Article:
Going down like a Wilf




With arguably the best performance of the season, Town succumbed to a seasoned, slightly cynical Crystal Palace side buoyed by their talisman Zaha, who appears to be the difference between comfort and struggle. Other than the Ivorian, the South East Londoners look very ordinary and the home side should have buried them in a game they largely dominated.

It is, however, becoming an immutable law that if the Terriers don’t open the scoring, points are not accrued.
These two theories, Palace’s inevitable defeats without their Wilf, and Town’s huge vulnerability to going behind gathered more momentum at the end of a feisty affair with the home side bemoaning their luck as, once again, they fell on the wrong side of wafer thin margins.
Playing with greater intensity and pace than has been seen for some time, Town found their wingbacks with refreshing regularity – Lössl’s distribution was excellent at times and Kongolo’s range was just as impressive – though it was down their left, with Löwe and Van La Parra that they created most threat. The right side had similar service but largely failed to deliver.
Kachunga’s inclusion at the expense of Diakhaby was presumably to negate the threat of Zaha, but along with Hadergjonaj, they allowed Palace far too much freedom down the left and all of the visitors’ threat came down their flank, and this wasn’t limited to Palace’s main man.
The back three coped with Palace incursions reasonably comfortably however and Town were largely ascendant in a decent first half hour and should have been ahead 17 minutes in when a sublime cross field ball found the impressive Löwe. The German, progressive and combative throughout, delivered a perfect ball which left Hennessey in no man’s land and defenders caught ball watching but Mounié headed over when a goal looked inevitable.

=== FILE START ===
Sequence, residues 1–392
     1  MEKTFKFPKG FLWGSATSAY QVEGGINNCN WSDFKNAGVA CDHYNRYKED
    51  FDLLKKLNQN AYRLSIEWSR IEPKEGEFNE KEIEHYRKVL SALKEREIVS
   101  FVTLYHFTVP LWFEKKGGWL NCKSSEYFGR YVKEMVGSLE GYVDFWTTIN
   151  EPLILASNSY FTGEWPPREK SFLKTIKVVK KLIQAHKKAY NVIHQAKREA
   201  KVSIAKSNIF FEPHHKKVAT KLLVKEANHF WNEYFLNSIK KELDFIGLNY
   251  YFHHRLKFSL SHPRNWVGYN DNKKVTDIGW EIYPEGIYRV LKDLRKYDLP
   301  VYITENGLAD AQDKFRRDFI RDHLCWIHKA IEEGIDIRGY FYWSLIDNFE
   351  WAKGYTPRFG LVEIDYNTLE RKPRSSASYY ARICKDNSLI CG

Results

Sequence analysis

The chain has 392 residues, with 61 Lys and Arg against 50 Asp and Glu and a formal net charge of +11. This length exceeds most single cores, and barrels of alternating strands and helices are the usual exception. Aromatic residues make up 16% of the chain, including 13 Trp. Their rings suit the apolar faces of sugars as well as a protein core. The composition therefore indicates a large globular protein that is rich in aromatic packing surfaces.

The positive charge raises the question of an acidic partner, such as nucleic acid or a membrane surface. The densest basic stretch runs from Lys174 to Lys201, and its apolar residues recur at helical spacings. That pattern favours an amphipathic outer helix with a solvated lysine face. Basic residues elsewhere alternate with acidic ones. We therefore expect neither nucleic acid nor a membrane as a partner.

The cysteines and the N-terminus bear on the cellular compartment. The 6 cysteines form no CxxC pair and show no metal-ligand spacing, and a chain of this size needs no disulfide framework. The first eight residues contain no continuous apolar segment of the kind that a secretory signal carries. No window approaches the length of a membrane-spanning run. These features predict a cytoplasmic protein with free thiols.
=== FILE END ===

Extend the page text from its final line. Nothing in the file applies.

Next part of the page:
Strikers are allowed to miss chances, of course, but at the elite level at which Town are trying to compete, misses like this one are cruelly punished. A goal at that stage would have transformed the outcome – as Palace were to prove, getting the first goal allows you to adapt to circumstances far more easily than when behind.
The defining ten minutes came close to the half hour mark. Schindler made a rare mistake which left his central defensive partner Zanka in trouble. Zaha nipped in to intercept the pass which had fallen short, prompting the Dane to instinctively bring down the winger with a poor challenge which deservedly brought a booking. This was not enough for his opponent who proceeded to throw a ridiculous tantrum, beating the floor in frustration, and carrying a visible red mist around for the next few minutes.
The subsequent free kick was weakly wasted, going straight through to Lössl, and Town worked their way down the right to Hadergjonaj who was upended by a late Zaha tackle which drew another deserved booking and the Palace bench demonstrating to their only hope to calm down.
Shaking off his strop for a few minutes, Zaha then demonstrated his immense quality with a run which seemed to mesmerise Hadergjonaj and Kachunga, neither of whom put in a challenge. Their dithering encouraged Zaha in to the area, where he couldn’t be touched, and he curled an excellent finish past Lössl for the all important lead.
For ten minutes, Town disintegrated. Their shape was lost, their passing became negligent and within minutes Zaha should have put the result beyond doubt rather than shooting tamely to enable Lössl to make a routine save.
As they settled down, Town finished the half strongly but the lack of composure and instinctive finishing in decent positions let them down, as it usually does. One excellent incursion saw the impressive Löwe find Van La Parra free on the left of the area only for the Dutchman to kill all momentum by receiving the ball stood still and destroying the chance to create an opportunity.
Van La Parra had a good first half – if anything, he had far more reason to complain about rough treatment than Zaha – but most of his good work disintegrates on contact with the penalty area.